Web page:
Given the strict control on the pan of militaries and the overall suspicion of deception, the authenticity of war photography seems to be in bad shape. Yet despite all doubts and objections, we use war photography on a daily basis. We consume it as regularly a our daily newspapers. Despite its patent unreliability, we cherish it as a helpful device for spreading and gaining information about the conflicts of our time.
But how can this be? Clearly, the question of authenticity in photography cannot be answered merely by reflections on the medium. When we talk about the authenticity of photography, and especially of war photography, it is apparently not the epistemological reliability of photography that is our primary concern. But what is our primary concern? A good starting point in making sense of this is to notice that we have already progressed far into the field of rhetoric, whose central concern, according to Aristotle, is to find out what is credible about a subject matter and what seems to be convincing. The reference to the properties of the medium may elucidate an important aspect of photography, but it answers only half the question. It may explain some general attitudes and expectations ascribed to photography, but it completely ignores what is actually shown in the photographs. Furthermore, just like in written texts, there are ways of suggesting the truthfulness of the depiction by means of subject matter and style. From the perspective of rhetoric, we could conceive of this as a communicative strategy that aims at verifying the subject matter, i.e. by claiming its truthfulness. How do communicators establish truth-claims? In the following, I would like to tum to those procedures that aim to authenticate a photograph and re-establish the claim that what we see in the picture is ‘the real thing.’
The larger discursive framework within which we can locate war photography, then, seems to include all kinds of representations of war – it is not restricted to documentary, nonfictional accounts of war but at the same time includes fictional renditions of war. Reports in newspapers, magazines or on television, stories written about war, movies, television series and even computer games- they all add to the cognitive framework with which consumers of news approach war photography. All these ways of depicting war seem to partake in an intertextual and intermedial realm that defines their conceptions about war. And hence these accounts certainly provide a ready resource for producers of representations of war, which they use as blueprints in order to verify their own depictions of war.(…) The content and form of preceding representations of war provide the beholder of war photographs with expectations regarding the subject matter as well as the overall appearance of these photographs, and these expectations are brought to bear in assessing the authenticity of the photographs. At the same time, photographers use them as resources in order to accommodate their addressees’ conception of authentic depiction of war and thereby to verify their photographs. Consequently, authenticity in war photography is not merely linked to reality and a truthful depiction of it, but it also seems to be fundamentally connected to a strong tradition of authentic depiction: the beholder of a photograph may know nothing about war – but he surely knows what it is supposed to look like on a photograph.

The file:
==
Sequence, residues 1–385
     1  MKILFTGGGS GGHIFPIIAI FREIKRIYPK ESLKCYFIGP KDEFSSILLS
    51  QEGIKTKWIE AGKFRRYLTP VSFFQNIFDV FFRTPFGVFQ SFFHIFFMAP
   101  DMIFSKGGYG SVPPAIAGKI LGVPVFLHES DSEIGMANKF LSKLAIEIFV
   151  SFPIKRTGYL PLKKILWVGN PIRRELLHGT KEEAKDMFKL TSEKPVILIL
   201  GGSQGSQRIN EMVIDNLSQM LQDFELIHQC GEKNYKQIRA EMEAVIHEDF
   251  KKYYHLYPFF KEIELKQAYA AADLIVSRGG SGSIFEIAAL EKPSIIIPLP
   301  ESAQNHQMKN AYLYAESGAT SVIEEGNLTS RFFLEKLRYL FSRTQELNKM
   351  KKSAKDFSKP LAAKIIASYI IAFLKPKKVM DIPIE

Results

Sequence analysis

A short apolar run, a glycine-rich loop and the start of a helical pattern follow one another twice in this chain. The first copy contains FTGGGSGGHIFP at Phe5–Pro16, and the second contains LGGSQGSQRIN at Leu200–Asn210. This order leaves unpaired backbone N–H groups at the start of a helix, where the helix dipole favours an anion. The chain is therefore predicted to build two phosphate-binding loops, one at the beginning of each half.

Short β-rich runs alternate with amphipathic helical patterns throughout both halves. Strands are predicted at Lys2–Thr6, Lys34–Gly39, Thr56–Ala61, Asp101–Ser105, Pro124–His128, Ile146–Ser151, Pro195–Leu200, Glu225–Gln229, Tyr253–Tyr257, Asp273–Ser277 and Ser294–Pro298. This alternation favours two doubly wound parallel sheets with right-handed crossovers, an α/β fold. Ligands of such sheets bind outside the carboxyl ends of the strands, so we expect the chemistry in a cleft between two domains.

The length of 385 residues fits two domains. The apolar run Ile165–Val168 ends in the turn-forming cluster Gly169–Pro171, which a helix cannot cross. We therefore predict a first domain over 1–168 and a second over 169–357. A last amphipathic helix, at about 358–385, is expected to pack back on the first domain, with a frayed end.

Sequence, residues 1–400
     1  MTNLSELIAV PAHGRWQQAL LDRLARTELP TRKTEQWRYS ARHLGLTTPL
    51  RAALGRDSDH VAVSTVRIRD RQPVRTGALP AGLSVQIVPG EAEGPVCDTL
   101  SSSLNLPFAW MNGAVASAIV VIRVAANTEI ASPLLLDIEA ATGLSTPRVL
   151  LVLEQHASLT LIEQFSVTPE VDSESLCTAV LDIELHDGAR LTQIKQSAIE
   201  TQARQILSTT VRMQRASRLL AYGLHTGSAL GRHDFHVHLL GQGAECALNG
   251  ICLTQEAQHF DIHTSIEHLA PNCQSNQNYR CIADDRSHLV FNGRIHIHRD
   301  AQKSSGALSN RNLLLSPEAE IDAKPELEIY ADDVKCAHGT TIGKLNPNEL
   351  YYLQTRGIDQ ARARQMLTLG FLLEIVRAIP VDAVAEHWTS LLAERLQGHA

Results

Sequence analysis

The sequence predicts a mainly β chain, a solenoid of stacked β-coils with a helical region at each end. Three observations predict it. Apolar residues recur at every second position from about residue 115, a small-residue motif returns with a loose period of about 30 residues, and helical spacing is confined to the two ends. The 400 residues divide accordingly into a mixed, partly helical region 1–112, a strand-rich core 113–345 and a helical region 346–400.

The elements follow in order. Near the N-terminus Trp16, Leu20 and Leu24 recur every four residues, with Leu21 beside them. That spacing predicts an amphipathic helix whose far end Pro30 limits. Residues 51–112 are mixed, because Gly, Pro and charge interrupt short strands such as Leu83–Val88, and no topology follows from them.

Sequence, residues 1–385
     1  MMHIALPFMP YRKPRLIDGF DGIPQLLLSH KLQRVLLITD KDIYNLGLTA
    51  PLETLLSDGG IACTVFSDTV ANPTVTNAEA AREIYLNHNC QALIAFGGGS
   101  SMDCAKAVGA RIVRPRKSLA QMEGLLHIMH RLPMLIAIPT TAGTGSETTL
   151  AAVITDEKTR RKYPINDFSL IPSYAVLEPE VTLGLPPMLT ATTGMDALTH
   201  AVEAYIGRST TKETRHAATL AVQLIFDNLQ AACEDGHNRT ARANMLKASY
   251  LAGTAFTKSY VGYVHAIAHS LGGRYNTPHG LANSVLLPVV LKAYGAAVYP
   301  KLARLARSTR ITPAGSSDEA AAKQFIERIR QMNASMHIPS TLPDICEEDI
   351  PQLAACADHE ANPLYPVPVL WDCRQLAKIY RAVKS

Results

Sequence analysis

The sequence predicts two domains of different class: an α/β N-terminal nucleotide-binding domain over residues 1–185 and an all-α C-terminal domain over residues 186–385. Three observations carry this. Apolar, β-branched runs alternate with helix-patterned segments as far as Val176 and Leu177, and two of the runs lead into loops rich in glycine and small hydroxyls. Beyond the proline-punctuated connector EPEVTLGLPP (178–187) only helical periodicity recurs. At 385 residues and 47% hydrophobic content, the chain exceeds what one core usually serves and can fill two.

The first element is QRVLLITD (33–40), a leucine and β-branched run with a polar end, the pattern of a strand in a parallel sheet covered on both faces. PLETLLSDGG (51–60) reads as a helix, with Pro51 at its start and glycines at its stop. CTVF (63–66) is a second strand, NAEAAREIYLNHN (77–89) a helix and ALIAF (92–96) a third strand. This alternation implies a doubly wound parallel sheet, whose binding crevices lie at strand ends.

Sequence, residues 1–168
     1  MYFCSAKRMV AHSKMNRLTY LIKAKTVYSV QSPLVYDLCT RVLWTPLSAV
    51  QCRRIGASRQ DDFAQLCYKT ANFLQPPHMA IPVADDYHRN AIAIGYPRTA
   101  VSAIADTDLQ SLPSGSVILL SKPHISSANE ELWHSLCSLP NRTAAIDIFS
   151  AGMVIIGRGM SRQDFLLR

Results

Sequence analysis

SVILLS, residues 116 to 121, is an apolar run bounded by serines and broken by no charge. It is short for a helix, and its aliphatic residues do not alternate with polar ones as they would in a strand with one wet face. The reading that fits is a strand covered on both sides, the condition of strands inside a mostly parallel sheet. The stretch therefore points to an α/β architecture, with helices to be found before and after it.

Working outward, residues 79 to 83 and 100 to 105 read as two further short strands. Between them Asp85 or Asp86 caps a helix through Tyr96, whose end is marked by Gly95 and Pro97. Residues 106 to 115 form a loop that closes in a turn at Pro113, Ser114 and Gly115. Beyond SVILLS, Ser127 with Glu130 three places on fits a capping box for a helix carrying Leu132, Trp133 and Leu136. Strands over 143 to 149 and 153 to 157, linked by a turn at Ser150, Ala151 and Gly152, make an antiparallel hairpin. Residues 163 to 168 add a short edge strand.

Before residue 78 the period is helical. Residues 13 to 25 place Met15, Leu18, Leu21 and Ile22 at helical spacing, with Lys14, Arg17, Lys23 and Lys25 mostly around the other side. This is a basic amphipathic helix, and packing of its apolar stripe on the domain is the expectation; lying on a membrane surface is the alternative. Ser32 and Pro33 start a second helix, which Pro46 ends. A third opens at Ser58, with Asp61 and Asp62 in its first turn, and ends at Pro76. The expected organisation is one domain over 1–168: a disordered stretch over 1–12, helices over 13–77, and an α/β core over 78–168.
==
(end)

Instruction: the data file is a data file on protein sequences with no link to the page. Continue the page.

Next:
(to be continued)